Monday, March 7, 2011

Ovaries are Overrated

Many of you probably know that I had my girlparts removed a couple of months ago.  If you didn't, well now you're in the know.  You're welcome.

While I knew that this move was necessary in order to take control of my physical health, I had some serious concerns as to how it would effect my menal health.  Let's be honest, emotionally speaking I'm not the steadiest raft on the lake.  I'm prone to what The Man will tell you is probably more than my fair share of ugly mood swings, which have been mostly controlled by the wonder that is anti-anxiety medication for nigh on 13 years now.  Because my anxiety is hormonally driven, the doctors have speculated that once I get through menopause I could probably go off the medication, but realistically speaking things could have gotten a lot worse before they got better.

I consider myself extremely lucky that I managed to get myself medicated back when I did, especially considering the fact that I pretty much fell into the diagnosis.  I had no idea what was wrong with me.  I thought I had a sensitive stomach.

I was in counseling, trying to work out the kinks in my doomed marriage.  This was a good six years before we called it a marital day, but even then (and, honestly, long before that) it was clear to me that this whole wife and mom thing didn't come as easily to me as it seemed to come to everyone else.

I was discussing my marital issues with the psychologist, specifically our lack of common interests.  Funny how being from the same small town and going to the same high school doesn't guarantee anything at all in common ten years after prom.  Anyway, I told her that the only thing we both liked to do was to go to movies or out to dinner, but I had developed some sort of stomach issue that made eating out difficult, and going to a movie AFTER eating out was impossible.  So I felt that we were doomed to living separate lives, only a little boy holding us together.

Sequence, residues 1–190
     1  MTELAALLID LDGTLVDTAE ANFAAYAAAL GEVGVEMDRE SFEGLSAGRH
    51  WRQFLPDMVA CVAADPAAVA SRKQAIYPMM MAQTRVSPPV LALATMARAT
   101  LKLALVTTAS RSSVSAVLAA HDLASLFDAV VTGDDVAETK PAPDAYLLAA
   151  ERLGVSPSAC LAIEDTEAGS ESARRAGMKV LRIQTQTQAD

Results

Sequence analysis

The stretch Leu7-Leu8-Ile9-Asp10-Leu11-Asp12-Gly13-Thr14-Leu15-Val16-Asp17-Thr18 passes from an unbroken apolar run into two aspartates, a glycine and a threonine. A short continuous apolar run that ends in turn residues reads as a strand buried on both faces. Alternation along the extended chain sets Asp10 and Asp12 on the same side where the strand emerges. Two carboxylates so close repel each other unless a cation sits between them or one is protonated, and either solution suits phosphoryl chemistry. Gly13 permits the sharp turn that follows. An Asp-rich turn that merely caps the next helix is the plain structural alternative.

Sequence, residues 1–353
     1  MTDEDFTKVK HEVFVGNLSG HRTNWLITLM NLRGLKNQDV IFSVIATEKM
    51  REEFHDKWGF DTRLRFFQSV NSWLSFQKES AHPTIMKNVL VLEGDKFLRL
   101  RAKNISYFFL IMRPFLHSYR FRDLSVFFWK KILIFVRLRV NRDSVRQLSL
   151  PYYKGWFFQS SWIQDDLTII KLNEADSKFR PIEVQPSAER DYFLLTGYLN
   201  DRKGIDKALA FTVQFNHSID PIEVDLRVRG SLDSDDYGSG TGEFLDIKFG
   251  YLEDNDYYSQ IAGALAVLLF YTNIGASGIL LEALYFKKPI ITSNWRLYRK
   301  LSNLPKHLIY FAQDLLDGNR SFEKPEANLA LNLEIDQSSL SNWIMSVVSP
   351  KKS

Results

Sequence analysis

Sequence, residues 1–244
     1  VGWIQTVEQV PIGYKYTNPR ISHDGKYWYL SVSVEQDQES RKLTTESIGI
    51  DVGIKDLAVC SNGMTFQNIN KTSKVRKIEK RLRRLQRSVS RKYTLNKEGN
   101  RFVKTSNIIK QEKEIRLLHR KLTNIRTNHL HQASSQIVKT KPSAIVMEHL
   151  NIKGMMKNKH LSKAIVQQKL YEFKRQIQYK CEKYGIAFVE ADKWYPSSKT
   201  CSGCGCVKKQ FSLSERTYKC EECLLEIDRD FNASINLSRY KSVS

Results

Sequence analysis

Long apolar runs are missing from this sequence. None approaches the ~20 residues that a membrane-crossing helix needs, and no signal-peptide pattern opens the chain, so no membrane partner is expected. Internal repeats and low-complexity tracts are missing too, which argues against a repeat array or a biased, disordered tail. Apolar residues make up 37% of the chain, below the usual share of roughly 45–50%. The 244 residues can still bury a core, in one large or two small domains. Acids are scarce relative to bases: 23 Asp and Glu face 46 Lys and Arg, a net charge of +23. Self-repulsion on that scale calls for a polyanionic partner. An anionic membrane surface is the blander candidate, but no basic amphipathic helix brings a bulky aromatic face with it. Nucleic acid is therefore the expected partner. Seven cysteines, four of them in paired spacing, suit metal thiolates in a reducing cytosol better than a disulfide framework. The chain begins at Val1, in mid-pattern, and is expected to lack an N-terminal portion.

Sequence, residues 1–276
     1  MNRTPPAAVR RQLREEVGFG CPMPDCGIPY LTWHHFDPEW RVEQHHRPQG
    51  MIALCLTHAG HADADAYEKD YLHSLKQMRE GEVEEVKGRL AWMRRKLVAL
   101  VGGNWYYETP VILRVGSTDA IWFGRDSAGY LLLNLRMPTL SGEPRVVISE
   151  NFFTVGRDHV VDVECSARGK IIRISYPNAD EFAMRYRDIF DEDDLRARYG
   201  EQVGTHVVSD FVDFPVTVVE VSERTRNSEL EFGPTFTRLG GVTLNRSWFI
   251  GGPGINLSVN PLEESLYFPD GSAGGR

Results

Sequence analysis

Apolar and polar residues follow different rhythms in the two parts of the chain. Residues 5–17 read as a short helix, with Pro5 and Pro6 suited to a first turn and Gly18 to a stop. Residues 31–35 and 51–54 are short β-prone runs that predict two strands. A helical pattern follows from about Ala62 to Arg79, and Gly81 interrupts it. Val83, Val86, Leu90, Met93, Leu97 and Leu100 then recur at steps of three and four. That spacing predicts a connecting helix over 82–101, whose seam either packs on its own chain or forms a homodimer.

We got to talking about my stomach issues, how I felt after I ate restaurant food.  I blamed the large portions, which even then I was powerless to push away, and the high fat content.  She thought for a minute and said "I really don't think you have a digestive issue, I think you're having panic attacks"., seriously.

Another thing that I didn't know was that along with what is officially called "Generalized Anxiety Disorder" I also had "Major Depressive Disorder", the symptoms of which I didn't know WERE symptoms because my mom had it too (back then I had no idea that my mom is a total loon).  I had gone through bouts of extreme sadness which left me nearly non-functional and which couldn't be blamed on any catastrophic event.  My mood would get so low you would think I had lost my best friend, but my life was nearly perfect.  Simply not having something to look forward to, no matter how small, was enough to send me sobbing to my bed and declaring that life was not worth living.

So after a little bit of trial and error I ended up with the wonderful little white pill that saved my life.  It's called Lexapro. 

Fortunately Lexapro treats both anxiety and depression, so it's been all good in my little hood for years now.  Just the fact that I was able to rebuild my life from the puddle of tears and snot that I was left with after the end of my marriage and job is a testament to how much better I am now.  But menopause was always this looming blessing and/or threat which I believed would either stabilize my chemical makeup or push me over an edge from which medication could not retrieve me.